Keep Smiling Through

Lisa Evans
Theatre by the Lake, Keswick

Keep Smiling Through production photo

Keep Smiling Through, Lisa Evans's new play for Theatre by the Lake, takes us back to wartime Keswick, when evacuees from the big cities were staying in the homes of strangers, the men were away fighting and the women were at home contributing in various ways to the war effort.

Maggie is at home looking after her gran and her young evacuee lodger from Newcastle, Hilda, while her husband Rob is away fighting and she is an enthusiastic volunteer down at the church hall, while her best friend Peg, newly-pregnant and also without her husband due to the war, forces her to go out dancing and enjoy herself. Hilda's mother writes to Maggie, who believes she is unable to have children, to say she doesn't want her daughter back and offers to let her adopt her permanently, but Rob is rather uncomfortable with Maggie's sudden independence in his absence.

Interspersed with the scenes, which mostly take place in the church hall and in Maggie's kitchen, are songs from the period, either sung as part of the scenes or sung by actor musicians to link scenes together. However the whole thing remains rather disjointed with some amusing banter between the characters that doesn't go anywhere and some promising dramatic scenes that start to build up to something interesting but then fizzle away disappointingly. Just before the interval, there is the first sign of true conflict in a clash between Maggie and Rob that brings together many of the most interesting themes of the play, but nothing in this scene is followed up at all in act two.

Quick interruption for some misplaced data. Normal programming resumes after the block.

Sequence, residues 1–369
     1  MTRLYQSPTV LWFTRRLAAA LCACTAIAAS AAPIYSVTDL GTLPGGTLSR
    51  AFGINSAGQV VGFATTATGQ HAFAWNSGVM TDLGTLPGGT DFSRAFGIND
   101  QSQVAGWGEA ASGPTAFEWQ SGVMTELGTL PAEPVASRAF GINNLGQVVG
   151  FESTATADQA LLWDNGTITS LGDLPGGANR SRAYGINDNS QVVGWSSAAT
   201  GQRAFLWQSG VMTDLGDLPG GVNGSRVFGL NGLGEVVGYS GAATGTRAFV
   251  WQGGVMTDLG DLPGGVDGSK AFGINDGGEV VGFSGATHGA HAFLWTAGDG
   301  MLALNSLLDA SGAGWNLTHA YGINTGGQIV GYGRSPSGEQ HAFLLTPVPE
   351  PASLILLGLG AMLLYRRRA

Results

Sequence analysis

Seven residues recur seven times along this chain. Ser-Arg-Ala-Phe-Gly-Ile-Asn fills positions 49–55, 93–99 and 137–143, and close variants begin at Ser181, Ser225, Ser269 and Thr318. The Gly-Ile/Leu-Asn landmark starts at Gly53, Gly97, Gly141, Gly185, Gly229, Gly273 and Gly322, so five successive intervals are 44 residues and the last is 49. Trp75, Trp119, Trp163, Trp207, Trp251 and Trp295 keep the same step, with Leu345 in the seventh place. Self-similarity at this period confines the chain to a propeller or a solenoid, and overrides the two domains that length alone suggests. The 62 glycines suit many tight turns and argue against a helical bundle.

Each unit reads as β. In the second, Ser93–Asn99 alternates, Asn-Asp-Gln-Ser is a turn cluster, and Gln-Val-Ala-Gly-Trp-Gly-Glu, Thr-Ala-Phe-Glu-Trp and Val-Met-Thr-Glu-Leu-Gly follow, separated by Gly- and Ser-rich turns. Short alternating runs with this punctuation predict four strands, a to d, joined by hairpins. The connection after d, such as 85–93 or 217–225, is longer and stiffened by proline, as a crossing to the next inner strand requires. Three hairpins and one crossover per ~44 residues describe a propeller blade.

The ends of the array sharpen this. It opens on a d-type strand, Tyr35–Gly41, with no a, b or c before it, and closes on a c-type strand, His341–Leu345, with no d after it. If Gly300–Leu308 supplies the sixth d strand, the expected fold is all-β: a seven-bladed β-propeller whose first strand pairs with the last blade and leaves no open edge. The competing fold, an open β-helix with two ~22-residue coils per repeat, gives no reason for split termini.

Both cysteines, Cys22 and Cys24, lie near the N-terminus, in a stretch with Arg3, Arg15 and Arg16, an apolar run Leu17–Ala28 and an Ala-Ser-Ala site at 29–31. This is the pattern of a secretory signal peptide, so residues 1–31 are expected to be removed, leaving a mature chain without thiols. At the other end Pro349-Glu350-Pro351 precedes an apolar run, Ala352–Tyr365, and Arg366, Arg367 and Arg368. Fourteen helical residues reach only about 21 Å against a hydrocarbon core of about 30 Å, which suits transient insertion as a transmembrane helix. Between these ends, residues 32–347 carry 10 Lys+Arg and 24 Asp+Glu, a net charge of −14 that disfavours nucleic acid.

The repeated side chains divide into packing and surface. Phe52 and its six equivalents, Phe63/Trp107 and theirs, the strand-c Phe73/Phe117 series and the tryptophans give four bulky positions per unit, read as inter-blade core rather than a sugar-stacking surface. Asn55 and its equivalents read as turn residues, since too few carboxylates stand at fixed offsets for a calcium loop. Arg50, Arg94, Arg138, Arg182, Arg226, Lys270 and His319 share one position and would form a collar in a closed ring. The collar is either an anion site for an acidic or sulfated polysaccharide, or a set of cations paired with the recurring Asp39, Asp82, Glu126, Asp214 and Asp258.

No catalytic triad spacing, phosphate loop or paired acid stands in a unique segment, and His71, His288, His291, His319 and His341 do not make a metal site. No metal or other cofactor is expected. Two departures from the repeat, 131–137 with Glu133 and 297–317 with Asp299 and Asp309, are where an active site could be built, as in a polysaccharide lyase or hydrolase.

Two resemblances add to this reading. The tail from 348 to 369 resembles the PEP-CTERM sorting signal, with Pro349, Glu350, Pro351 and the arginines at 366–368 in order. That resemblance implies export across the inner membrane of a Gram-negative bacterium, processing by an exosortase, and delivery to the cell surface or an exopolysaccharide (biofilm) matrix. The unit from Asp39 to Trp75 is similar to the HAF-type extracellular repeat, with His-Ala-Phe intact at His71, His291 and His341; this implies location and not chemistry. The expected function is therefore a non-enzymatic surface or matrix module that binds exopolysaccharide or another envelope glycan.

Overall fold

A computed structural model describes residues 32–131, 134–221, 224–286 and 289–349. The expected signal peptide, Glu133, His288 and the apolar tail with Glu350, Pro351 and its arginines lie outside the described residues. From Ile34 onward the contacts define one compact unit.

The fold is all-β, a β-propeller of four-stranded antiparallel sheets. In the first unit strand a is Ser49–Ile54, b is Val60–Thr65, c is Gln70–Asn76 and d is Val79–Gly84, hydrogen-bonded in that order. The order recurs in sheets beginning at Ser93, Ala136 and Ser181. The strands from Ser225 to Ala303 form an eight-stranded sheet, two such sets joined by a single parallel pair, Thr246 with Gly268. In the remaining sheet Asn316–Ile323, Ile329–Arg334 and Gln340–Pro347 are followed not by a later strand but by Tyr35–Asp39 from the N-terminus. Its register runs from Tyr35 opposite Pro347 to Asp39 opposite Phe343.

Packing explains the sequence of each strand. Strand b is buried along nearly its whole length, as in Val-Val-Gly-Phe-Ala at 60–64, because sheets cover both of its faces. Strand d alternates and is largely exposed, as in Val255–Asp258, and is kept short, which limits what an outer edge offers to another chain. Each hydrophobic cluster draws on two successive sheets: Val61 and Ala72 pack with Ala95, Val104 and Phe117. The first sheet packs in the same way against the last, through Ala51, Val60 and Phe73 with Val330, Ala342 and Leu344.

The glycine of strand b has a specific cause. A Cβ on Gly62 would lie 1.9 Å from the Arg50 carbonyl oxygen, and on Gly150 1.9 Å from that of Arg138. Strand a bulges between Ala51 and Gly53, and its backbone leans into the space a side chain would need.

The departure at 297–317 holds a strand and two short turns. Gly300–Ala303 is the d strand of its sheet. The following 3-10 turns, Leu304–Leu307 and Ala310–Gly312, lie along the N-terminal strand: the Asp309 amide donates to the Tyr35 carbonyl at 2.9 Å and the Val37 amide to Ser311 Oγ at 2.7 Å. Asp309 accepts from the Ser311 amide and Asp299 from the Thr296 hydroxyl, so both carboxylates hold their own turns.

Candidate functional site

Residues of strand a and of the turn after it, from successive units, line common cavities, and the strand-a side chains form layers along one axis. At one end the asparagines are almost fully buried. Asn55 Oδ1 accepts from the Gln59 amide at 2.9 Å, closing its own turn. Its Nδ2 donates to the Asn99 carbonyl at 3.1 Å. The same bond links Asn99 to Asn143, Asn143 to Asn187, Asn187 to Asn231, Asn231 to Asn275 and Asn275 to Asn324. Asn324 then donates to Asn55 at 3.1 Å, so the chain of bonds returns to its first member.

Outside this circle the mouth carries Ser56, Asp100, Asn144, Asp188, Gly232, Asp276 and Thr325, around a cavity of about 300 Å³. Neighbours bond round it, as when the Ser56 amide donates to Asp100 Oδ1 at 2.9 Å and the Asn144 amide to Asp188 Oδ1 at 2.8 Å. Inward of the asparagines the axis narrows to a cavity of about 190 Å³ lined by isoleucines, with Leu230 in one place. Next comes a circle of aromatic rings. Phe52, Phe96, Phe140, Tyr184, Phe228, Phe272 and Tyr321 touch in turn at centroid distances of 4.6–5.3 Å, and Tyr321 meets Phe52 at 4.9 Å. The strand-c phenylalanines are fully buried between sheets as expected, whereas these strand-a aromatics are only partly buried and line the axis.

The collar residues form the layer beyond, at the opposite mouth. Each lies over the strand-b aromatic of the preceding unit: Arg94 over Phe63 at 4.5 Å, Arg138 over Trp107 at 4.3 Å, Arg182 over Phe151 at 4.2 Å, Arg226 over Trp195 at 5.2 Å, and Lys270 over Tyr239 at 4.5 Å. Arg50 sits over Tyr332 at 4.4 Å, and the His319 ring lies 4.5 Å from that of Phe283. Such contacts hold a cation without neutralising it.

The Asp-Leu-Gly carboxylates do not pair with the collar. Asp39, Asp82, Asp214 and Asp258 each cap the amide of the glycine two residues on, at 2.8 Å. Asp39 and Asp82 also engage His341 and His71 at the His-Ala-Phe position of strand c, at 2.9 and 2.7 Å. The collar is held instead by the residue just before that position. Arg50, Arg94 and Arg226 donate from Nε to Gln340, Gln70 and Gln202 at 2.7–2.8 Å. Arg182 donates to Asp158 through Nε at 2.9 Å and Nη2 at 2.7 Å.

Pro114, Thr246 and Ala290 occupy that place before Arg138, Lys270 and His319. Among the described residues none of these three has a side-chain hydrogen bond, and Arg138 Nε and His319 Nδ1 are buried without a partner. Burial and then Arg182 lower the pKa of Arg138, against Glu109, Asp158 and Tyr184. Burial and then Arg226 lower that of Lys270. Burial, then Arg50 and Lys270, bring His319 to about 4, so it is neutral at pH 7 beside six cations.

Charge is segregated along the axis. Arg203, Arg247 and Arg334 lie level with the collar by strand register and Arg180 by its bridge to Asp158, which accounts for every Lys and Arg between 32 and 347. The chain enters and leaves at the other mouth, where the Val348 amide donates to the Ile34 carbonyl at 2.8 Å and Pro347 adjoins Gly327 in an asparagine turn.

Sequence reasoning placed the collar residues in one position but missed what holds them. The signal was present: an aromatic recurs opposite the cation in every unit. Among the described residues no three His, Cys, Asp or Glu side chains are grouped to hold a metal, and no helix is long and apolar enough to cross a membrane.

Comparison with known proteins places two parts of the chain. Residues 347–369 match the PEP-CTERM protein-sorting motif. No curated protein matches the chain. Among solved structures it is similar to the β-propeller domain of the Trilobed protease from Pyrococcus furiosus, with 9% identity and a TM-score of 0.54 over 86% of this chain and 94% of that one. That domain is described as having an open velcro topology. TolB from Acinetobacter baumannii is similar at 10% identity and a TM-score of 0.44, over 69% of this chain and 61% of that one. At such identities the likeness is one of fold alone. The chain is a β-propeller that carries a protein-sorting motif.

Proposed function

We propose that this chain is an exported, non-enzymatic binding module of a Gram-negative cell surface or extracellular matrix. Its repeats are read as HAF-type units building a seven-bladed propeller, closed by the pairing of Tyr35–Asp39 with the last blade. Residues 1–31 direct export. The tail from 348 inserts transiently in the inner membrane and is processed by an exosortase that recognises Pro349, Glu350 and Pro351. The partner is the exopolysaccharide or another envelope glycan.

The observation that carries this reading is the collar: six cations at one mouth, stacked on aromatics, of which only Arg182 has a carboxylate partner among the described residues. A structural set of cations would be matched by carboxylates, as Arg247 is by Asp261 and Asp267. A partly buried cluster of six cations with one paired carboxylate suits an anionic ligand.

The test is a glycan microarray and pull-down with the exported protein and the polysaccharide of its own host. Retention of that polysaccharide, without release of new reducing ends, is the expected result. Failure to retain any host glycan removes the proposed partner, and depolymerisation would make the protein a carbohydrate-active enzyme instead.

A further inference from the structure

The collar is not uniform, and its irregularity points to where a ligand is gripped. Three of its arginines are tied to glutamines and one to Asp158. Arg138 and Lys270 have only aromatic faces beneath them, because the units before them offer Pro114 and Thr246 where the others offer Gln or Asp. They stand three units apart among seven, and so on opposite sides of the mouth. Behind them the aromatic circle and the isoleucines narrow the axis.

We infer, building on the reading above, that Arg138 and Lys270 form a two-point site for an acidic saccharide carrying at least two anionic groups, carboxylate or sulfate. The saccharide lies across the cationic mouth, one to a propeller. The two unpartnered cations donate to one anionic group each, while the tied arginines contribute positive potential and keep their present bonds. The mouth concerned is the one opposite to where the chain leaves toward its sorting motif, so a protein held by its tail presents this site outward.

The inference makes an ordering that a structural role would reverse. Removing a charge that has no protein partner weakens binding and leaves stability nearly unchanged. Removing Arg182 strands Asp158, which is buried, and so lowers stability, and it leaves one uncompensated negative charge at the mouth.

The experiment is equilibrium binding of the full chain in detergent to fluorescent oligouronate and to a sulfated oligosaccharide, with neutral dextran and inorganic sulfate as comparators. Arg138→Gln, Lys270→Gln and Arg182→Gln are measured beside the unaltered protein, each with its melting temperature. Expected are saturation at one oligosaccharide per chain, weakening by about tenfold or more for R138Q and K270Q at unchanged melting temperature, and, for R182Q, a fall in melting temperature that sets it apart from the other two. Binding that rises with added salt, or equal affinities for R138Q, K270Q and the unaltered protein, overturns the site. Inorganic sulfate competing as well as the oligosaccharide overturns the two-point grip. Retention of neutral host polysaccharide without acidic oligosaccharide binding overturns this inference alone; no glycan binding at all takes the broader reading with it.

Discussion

Heather Saunders is an amiable and often a childishly-naive Maggie, opposite a very strong performance from Polly Lister as Peg. Ben Ingles is Scottish doctor Alec, who seems to have a way of reassuring everyone but has a dark secret of his own and gets a little too close to Maggie. There is another great performance from Olivia Mace as upper class Land Girl Jean, whom Matt Addis's Perce—who would today be categorised as "special needs"—has a bit of a "thing" for. Completing the cast are Fiona Drummond as Hilda, Kate Layden as a bit of a swinging gran who gets the chance for a comic turn at the end and Heather Phoenix as German refugee and rehearsal pianist Leonore.

There are lots of interesting issues raised, some scenes are very funny, others explore themes through conflict, but the whole thing is just too disjointed to come together as a whole and nothing is explored as deeply as it could be. As it stands, it is quite entertaining and diverting, but there is always the thought that it could be so much more.

In rep until 11th November 2011

Reviewer: David Chadderton

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